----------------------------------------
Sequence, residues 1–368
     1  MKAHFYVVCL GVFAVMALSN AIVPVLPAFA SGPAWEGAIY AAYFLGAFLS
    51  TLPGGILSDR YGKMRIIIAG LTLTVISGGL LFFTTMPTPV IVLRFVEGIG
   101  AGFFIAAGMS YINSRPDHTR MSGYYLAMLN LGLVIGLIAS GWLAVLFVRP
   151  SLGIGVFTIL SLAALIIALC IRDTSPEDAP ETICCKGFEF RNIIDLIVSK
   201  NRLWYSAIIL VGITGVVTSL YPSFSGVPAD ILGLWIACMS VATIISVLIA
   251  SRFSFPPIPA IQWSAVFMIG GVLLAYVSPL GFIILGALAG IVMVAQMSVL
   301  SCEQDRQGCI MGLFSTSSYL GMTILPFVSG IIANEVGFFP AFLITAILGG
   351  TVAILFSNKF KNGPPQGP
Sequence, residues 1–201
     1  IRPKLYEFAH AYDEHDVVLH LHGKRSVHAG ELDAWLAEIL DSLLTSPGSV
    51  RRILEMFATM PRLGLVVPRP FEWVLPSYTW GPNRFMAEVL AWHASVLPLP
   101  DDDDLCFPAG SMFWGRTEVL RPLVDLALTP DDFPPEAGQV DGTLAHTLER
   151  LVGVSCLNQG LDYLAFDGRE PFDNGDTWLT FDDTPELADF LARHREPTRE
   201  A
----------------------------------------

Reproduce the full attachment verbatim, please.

Sequence, residues 1–368
     1  MKAHFYVVCL GVFAVMALSN AIVPVLPAFA SGPAWEGAIY AAYFLGAFLS
    51  TLPGGILSDR YGKMRIIIAG LTLTVISGGL LFFTTMPTPV IVLRFVEGIG
   101  AGFFIAAGMS YINSRPDHTR MSGYYLAMLN LGLVIGLIAS GWLAVLFVRP
   151  SLGIGVFTIL SLAALIIALC IRDTSPEDAP ETICCKGFEF RNIIDLIVSK
   201  NRLWYSAIIL VGITGVVTSL YPSFSGVPAD ILGLWIACMS VATIISVLIA
   251  SRFSFPPIPA IQWSAVFMIG GVLLAYVSPL GFIILGALAG IVMVAQMSVL
   301  SCEQDRQGCI MGLFSTSSYL GMTILPFVSG IIANEVGFFP AFLITAILGG
   351  TVAILFSNKF KNGPPQGP
Sequence, residues 1–201
     1  IRPKLYEFAH AYDEHDVVLH LHGKRSVHAG ELDAWLAEIL DSLLTSPGSV
    51  RRILEMFATM PRLGLVVPRP FEWVLPSYTW GPNRFMAEVL AWHASVLPLP
   101  DDDDLCFPAG SMFWGRTEVL RPLVDLALTP DDFPPEAGQV DGTLAHTLER
   151  LVGVSCLNQG LDYLAFDGRE PFDNGDTWLT FDDTPELADF LARHREPTRE
   201  A